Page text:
In a speech late Monday night acknowledging his virtual tie with Hillary Clinton, presidential candidate Sen. Bernie Sanders thanked caucus-goers in Iowa for beginning "a political revolution." For voters who are feeling the Bern, the idea isn't new. In fact, if you were to Google "political revolution" you'd come up with a slew of Sanders-related content. Sanders has centered many of his speeches around creating radical change in American politics. In essence, Sanders' call for political revolution is an appeal for disenchanted or disengaged voters to believe that change, although hard, is possible and begins at the polls. But what does Sanders political revolution look like?
Sanders' message of upheaval has found significant support among younger voters, who have previously been criticized for their failure to engage in politics. His plan relies heavily on voter participation. It is, simply stated, a call for participation. In Iowa Monday, Sanders said a political revolution would only happen with the support of the voters, stressing that no presidential candidate, himself included, would be able to stand up to Wall Street or corporate America alone.
The Vermont senator is hoping to bring voters to the polls long after the presidential election in November in order to turn his campaign's agenda into legislation. Speaking at the Iowa Jefferson-Jackson dinner last October, Sanders repeated a much-uttered message of his campaign: His presidential bid isn't about him; it's about forcing change.
What this campaign is about is not just electing a president, it is transforming America. To do that we need millions of people — people who have given up on the political process, people who are demoralized, people who don’t believe that government listens to them. We need to bring those people together to stand up loudly and clearly and to say ‘Enough is enough.’ This country belongs to all of us, not just wealthy campaign donors.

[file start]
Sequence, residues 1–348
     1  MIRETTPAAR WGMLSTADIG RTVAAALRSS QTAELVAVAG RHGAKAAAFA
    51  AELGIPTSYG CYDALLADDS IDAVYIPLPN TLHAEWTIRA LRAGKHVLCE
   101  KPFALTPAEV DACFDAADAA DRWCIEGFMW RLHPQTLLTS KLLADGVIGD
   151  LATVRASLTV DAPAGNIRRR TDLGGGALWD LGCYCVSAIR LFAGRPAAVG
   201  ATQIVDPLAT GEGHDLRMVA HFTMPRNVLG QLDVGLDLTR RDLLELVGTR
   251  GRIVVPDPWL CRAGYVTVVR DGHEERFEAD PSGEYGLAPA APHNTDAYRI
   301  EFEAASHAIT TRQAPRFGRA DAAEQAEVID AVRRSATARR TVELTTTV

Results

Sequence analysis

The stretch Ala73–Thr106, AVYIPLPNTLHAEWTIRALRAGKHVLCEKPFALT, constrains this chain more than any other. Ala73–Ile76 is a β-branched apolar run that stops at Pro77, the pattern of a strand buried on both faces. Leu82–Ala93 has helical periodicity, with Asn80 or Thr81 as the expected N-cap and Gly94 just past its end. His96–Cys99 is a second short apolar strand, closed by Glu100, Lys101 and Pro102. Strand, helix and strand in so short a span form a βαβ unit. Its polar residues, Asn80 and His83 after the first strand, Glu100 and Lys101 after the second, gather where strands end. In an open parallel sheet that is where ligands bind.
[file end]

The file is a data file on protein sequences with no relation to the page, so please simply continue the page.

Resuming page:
When Sanders says "political revolution," what he means is rotating the balance of power in politics so that the interests of the working class hold more weight in Washington than those of the one percent. Sanders believes that billionaires, big banks, and Wall Street currently have too much say (and sway) in Congress. He's looking to change to a single-payer healthcare system, effectively eliminating private health insurance and funding federally-run healthcare by taxing the wealthy.
Another aspect of Sanders' campaign that falls under his political revolution is his proposal to drop the cost of tuition at public colleges and universities down to a big fat $0. To pay for this, Sanders has proposed taxing Wall Street trades. Other revolutionary ideas from his campaign are to break up banks classified as "too big to fail" and to raise both the monthly Social Security benefits payout and the federal minimum wage. Sanders has also proposed taxing the rich to fund infrastructure and job programs.
Finally, it's notable that, unlike some presidential candidates who seem to think they'll walk into the White House on Day 1 and immediately negate any of President Barack Obama's policies that they don't like with a wave of their pen, Sanders has realistic expectations for his political revolution. He knows the kind of radical change he's advocating for won't happen in a year, and he knows it won't happen without a major support base. "Anybody here who thinks real chance comes easy knows nothing about American history," he told supporters in Mason City, Iowa over the weekend.
With Sanders' virtual tie with Clinton in Iowa, it's clear that his call to action has resonated with more than a few voters and we'll continue to hear the Vermont politician advocate for a political revolution.